Sin City: A Dame to Kill For is an example of decent disposable entertainment. The movie proves that forgettable popcorn fun doesn’t have to sacrifice effort. This long awaited sequel doesn’t have the same emotional impact as the first movie but its visually stunning, has a great cast and kept me entertained while I was watching it.

A Dame to Kill For has the same narrative structure as the first movie. We get to watch three barely connected stories play out in the corrupt, filthy Basin City. The first storyline takes place after the events of the first film as we see Nancy (Jessica Alba) failing to keep together after the suicide of detective Haritgan (Bruce Willis). She decides to seek vengeance against the corrupt Senator Roarke (Powers Boothe) who drove Haritgan to kill himself. The second storyline follows a gambler named Johnny (Joseph Gordon-Levitt) and the hell that follows after he goes up against Senator Roarke in a game of poker. The third segment taking place before the first film features a private detective (Josh Brolin) who finds himself going up against Ava Lord (Eva Green), a very seductive monster who has no problem destroying people to get what she wants.


The biggest problem with the movie is that this time around they are embracing the gimmicks of its concept. With the last movie, the style and the noir homage was played against ambitious stories with a unique screenplay. Sin City 2 has the same type of writing and visuals without a lot of the originality and heart that made the first one so memorable. This time they take the beats and use them for simple action thriller purposes. It’s not that this is poorly written, it’s just that the characters are clichéd and the stories are predictable in the way that it is something you would expect to see in a cheap, low budget B movie of the 40’s and 50’s. The dialogue sounds pretty but lacks it a general passion that makes it come off as witty. The movie isn’t taking itself as serious this time around and if you want something that is just as epic you will be pretty disappointed but if you understand that this is a more laid back and pulpy take on the world they created, there are a couple of reasons why you may still enjoy it if you go along with the ride.

The visuals are just as brilliant and unfiltered as they were before. Sin City’s greatest asset is how well the world they create mixes explosive, modern effects with a grimy, 40’s, black and white charm. There are so many stunning shots thanks to director and cinematographer Robert Rodriguez. You could say that the pure, gigantic ambition of the dreamlike setting mixed with breath taking moments of action and energy is what keeps this movie feeling so alive. You can watch this movie and you can see the sheer passion that went into the look of every scene. This movie does have one thing that that is an improvement and that is Rodriguez’s choice to make the movie in 3D. Usually this can come off as an overused and sloppy gimmick but in this case the breathtaking effects fit with the extra layers of 3D like a glove. The movie is already incredible to watch but with this the originality and the undeniable effort leaps off the screen. If one of your problems with 3D is that it makes the screen look dark, have no fear, a lot of this movie is already in black and white already. This very much reminds me of the 3D for Baz Luhrmann’s The Great Gatsby. You’re taking an artist who has always been highly stylized and your letting their visions jump out at you.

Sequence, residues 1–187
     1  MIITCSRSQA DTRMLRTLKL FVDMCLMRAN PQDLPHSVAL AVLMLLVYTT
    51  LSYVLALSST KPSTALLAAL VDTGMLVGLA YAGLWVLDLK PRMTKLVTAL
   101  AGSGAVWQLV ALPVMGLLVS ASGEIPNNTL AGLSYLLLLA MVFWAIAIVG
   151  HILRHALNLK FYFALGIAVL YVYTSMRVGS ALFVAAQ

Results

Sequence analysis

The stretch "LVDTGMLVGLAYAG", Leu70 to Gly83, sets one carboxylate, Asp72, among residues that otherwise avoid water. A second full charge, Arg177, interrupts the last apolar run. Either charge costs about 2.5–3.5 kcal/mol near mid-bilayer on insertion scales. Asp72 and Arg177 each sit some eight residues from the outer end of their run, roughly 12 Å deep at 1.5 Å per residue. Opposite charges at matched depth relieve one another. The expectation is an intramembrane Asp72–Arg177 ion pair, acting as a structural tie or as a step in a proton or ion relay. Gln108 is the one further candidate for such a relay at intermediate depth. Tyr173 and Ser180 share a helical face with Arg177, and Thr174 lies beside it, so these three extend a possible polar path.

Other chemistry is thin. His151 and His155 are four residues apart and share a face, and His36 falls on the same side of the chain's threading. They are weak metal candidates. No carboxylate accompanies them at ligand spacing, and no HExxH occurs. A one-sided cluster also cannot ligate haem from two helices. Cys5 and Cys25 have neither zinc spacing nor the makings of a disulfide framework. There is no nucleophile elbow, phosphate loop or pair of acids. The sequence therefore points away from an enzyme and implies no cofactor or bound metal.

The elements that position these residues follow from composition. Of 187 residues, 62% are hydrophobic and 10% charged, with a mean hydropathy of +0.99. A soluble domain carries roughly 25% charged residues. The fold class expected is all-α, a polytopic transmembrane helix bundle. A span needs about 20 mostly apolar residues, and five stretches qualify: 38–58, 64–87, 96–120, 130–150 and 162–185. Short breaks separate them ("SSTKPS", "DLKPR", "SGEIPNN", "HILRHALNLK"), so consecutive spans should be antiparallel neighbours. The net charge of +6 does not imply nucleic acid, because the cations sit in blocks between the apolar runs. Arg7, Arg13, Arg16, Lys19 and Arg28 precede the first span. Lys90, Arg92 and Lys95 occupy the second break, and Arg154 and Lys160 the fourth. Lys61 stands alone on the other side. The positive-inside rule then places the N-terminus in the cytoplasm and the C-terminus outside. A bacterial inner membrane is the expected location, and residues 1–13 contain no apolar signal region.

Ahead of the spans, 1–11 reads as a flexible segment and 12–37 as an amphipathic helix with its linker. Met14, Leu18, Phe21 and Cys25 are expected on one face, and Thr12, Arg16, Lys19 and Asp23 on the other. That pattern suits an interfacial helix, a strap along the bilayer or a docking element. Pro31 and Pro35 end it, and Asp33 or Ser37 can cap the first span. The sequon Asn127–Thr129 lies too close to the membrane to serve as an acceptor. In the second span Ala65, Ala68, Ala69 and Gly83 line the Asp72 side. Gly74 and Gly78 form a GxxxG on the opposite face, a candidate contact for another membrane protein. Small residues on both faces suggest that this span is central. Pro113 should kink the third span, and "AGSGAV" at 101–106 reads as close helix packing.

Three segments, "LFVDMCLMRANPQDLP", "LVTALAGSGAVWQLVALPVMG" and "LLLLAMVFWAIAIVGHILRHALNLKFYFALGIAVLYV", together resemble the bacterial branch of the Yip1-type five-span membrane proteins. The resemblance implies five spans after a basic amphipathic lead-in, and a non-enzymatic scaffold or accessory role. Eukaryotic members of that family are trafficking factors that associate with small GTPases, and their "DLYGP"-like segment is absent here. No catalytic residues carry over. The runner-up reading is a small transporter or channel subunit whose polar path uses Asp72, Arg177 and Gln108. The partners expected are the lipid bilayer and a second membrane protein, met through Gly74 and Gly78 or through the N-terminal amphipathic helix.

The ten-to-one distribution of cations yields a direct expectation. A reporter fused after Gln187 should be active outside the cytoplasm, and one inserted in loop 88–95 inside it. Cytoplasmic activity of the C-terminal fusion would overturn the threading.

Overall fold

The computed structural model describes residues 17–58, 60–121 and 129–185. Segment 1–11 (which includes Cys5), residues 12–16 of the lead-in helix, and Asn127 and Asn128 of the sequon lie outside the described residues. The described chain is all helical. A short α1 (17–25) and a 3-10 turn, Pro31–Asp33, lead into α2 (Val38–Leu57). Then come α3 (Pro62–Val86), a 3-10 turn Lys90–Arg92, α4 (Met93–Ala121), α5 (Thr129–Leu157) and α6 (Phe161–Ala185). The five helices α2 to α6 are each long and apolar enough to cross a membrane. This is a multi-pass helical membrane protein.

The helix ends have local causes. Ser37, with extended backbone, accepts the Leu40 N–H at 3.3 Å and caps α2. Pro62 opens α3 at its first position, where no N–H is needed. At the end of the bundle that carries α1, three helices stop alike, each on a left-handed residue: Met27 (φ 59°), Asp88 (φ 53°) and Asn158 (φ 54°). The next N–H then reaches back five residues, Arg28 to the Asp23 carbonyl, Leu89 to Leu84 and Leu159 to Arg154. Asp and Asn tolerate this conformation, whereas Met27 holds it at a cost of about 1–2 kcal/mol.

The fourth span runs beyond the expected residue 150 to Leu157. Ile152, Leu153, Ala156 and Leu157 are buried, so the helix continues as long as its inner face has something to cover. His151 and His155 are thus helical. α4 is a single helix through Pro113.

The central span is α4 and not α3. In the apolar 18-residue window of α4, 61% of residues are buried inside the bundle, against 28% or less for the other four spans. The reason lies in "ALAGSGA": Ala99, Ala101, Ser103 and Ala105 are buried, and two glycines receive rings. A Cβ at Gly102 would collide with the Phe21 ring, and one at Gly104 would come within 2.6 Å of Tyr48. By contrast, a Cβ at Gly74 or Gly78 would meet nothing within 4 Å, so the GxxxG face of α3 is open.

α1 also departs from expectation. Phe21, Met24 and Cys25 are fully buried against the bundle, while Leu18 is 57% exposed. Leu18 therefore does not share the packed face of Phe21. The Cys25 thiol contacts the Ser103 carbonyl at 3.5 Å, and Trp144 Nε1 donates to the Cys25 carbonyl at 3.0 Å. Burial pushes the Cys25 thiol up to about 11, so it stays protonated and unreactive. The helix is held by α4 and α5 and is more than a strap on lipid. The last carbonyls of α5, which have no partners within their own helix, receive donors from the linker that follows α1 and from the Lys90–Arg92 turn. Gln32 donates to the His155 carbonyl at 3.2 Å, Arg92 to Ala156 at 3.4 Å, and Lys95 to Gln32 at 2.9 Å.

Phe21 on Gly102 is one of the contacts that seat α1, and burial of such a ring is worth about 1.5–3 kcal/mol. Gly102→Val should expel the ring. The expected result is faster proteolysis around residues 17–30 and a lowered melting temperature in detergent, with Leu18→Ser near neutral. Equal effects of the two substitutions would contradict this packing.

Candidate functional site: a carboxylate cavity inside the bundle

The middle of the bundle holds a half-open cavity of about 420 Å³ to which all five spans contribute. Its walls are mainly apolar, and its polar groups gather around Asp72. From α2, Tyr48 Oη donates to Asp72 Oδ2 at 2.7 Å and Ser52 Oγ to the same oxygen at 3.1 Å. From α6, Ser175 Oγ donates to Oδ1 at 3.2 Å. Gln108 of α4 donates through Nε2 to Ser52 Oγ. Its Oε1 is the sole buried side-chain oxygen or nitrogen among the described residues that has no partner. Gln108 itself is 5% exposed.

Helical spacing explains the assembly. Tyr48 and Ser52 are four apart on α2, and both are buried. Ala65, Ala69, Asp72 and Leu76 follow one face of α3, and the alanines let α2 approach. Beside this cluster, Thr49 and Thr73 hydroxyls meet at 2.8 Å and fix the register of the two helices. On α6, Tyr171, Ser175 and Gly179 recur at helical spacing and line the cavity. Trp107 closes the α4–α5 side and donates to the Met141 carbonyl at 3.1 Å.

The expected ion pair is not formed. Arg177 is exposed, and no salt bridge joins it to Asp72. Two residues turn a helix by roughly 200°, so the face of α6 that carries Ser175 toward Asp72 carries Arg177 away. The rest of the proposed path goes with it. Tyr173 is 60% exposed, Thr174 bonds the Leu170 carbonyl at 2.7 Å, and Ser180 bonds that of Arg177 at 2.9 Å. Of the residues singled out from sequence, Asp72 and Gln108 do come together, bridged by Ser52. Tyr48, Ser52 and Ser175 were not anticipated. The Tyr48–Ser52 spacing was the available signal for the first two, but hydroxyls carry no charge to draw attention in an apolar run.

The energy and excitement of the cinematography is enough for me to give this a decent enough rating, but I also found myself really enjoying the performances. Mickey Rourke cherishes every moment he is on screen with his role as Marv, the violent criminal with a heart of gold. Josh Brolin is solid if not exactly doing something that places his character beyond other stock, brooding anti-heroes of recent memory. Eva Green also looks like she’s enjoying herself chewing humongous amounts of scenery while playing the villain part. Joseph Gordon-Levitt definitely gives the most emotional performance out of the cast and the calmness and subtle depth that he brings to Johnny makes it far and away the best segment of the three. I even thought Jessica Alba did ok with the part she was given even if she is a weaker actress. One of the great things that surprised me is that no one in the cast (even Bruce Willis in a small role) seems like they’re doing this as a paycheck, people in the movie are either giving decent performances or having a lot of fun camping up there ridiculous characters. Because of that, the storylines and characters feel less generic and more or less play to the idea of how delightfully entertaining the movie is supposed to be.

The movie fails to deliver on a product that is as powerful as the one that came before it. That being said, Sin City: A Dame to Kill For remains an endlessly stunning film to look at (especially in 3D) and the actors and the writers do a good job making the style and structure pulpier without it feeling lazy. Sin City 2 isn’t something I’m going to remember but it is something I had a shockingly big amount of fun with which is why it is a disappointment to see it failing so miserably at the box office.


Review by: Ryan M.

Release Date: 4/4/2014

Rating: R

Cast: Jessica Alba, Eva Green, Joseph Gordon-Levitt, Bruce Willis, Mickey Rourke, Rosario Dawson and Josh Brolin

Directed by: Frank Miller and Robert Rodriguez

Written by: Frank Miller

Based on the graphic novel by: Frank Miller